In addition to his parochial duties, Haydn became a canon of St Mary’s cathedral, Limerick in 1891; then served as cathedral treasurer, 1906–12, as chancellor, 1912–13 and finally as archdeacon of Limerick, from 1913 to 1918 when he retired. In addition to his clerical career, Haydn Sr. was recognised as a skilled musician and composed anthems and chants for use in worship, while his ability as a painter has been significantly realised after his death, with valuable sales of his works at auction in recent years. He died 102 years ago this month, on 21 May 1920. His contribution is commemorated on a stone memorial plaque in the cathedral.

Memorial plaque to John Armour Haydn Snr (1845-1920) in St Mary's Cathedral, Limerick. Image courtesy of Philip Talbot
Memorial plaque to John Armour Haydn Snr (1845-1920) in St Mary's Cathedral, Limerick. Image courtesy of Philip Talbot

One of his sons, John Armour Haydn Jr. (1881–1957), was like his father a skilled artist. Although he did not follow a path of ordained ministry he served the church in a lay capacity as secretary of the cathedral vestry from at least the 1930s. Haydn Jr. was also passionate about the history of St Mary’s, advertising it to a wider audience as evidenced by his authoring a historical survey on the cathedral’s bells for the Limerick Chronicle in 18 July 1936, in addition to a guidebook for visitors to St Mary’s in 1950, as well as a booklet on the 15th–century misericords of St Mary’s.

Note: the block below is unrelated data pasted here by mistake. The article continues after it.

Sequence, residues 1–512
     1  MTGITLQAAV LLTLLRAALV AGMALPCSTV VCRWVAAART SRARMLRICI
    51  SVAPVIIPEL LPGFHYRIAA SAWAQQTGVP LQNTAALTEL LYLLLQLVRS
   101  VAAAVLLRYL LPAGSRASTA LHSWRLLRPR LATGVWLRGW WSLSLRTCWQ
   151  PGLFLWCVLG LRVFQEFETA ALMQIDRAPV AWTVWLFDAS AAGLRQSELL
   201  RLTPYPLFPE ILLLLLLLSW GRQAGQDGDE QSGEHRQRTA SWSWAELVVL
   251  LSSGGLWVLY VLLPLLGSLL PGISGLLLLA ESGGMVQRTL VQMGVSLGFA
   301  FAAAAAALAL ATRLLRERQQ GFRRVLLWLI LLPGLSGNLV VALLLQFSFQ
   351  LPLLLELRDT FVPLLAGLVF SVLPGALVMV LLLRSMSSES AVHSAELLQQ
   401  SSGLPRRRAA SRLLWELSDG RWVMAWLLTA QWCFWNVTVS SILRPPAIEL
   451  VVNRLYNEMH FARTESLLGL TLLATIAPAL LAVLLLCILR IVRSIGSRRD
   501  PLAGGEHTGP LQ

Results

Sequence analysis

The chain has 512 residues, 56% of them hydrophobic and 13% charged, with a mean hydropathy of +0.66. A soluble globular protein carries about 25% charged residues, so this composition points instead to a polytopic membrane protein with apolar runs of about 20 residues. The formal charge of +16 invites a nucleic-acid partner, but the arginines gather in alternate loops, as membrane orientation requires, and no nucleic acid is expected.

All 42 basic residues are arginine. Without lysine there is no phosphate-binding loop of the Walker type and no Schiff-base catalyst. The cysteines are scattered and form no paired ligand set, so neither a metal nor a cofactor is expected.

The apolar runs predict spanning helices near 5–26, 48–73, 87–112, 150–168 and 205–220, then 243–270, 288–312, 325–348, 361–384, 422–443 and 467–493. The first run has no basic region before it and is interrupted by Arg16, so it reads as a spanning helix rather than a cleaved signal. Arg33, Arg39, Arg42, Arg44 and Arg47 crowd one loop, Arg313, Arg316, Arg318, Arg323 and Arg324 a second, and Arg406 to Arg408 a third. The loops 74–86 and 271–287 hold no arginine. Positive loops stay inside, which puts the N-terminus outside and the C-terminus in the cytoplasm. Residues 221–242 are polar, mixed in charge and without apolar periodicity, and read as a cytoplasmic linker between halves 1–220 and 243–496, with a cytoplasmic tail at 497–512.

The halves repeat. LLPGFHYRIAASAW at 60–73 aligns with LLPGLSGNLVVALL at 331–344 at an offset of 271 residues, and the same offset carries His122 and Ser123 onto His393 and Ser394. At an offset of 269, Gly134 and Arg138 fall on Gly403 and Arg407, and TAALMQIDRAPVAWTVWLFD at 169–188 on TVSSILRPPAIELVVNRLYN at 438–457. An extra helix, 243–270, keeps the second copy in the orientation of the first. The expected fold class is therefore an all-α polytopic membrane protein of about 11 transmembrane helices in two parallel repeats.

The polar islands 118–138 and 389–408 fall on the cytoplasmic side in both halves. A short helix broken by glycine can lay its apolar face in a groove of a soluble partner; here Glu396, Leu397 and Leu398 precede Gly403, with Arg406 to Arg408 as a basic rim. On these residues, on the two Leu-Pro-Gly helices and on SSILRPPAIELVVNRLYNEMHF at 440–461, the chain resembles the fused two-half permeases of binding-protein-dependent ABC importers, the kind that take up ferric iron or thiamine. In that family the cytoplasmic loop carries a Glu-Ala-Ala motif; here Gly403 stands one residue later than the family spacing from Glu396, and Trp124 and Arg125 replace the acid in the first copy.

Because the cover of the restoration scrapbook bears the name of both men, together with an address in Barrington Street, where both had resided, we could not be certain which of them had been responsible for its creation. This was the focus of the original presentation in December 2018 when the story generated a lot of public interest.

One of the online viewers to see it was Aileen Goulding Blomgren, who lives in Illinois in the USA. Her grandmother’s second husband, William H. Allen, was connected to the Haydns via marriage. William’s grandmother, Frances Priscilla Gregsten, nee Young, (1842–1930) was the sister of Louisa Young (1845–1916) who married Revd John Armour Haydn, Sr. on 29 April 1873 in Dublin, at Monkstown parish church. Both women (known affectionately by the family as Fanny and Louey) were the daughters of James Mitchell Young and Sarah (nee Morrow) Young of Annaginny Lodge, near Dungannon, County Tyrone.